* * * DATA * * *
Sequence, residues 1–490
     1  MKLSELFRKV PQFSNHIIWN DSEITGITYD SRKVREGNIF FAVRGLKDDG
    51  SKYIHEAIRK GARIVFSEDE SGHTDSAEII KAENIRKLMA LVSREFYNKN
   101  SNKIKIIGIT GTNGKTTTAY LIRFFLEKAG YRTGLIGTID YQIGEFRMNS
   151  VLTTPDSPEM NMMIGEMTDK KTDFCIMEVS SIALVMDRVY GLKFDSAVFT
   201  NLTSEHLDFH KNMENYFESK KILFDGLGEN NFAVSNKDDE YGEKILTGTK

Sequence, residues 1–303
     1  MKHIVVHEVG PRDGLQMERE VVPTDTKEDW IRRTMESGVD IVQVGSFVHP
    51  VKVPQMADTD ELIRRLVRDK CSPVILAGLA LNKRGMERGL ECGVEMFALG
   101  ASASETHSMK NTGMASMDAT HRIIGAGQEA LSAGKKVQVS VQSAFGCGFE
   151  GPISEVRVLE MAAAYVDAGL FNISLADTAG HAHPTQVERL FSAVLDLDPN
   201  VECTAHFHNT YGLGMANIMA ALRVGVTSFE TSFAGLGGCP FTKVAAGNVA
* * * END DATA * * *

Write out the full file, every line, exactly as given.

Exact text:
Sequence, residues 1–490
     1  MKLSELFRKV PQFSNHIIWN DSEITGITYD SRKVREGNIF FAVRGLKDDG
    51  SKYIHEAIRK GARIVFSEDE SGHTDSAEII KAENIRKLMA LVSREFYNKN
   101  SNKIKIIGIT GTNGKTTTAY LIRFFLEKAG YRTGLIGTID YQIGEFRMNS
   151  VLTTPDSPEM NMMIGEMTDK KTDFCIMEVS SIALVMDRVY GLKFDSAVFT
   201  NLTSEHLDFH KNMENYFESK KILFDGLGEN NFAVSNKDDE YGEKILTGTK

Sequence, residues 1–303
     1  MKHIVVHEVG PRDGLQMERE VVPTDTKEDW IRRTMESGVD IVQVGSFVHP
    51  VKVPQMADTD ELIRRLVRDK CSPVILAGLA LNKRGMERGL ECGVEMFALG
   101  ASASETHSMK NTGMASMDAT HRIIGAGQEA LSAGKKVQVS VQSAFGCGFE
   151  GPISEVRVLE MAAAYVDAGL FNISLADTAG HAHPTQVERL FSAVLDLDPN
   201  VECTAHFHNT YGLGMANIMA ALRVGVTSFE TSFAGLGGCP FTKVAAGNVA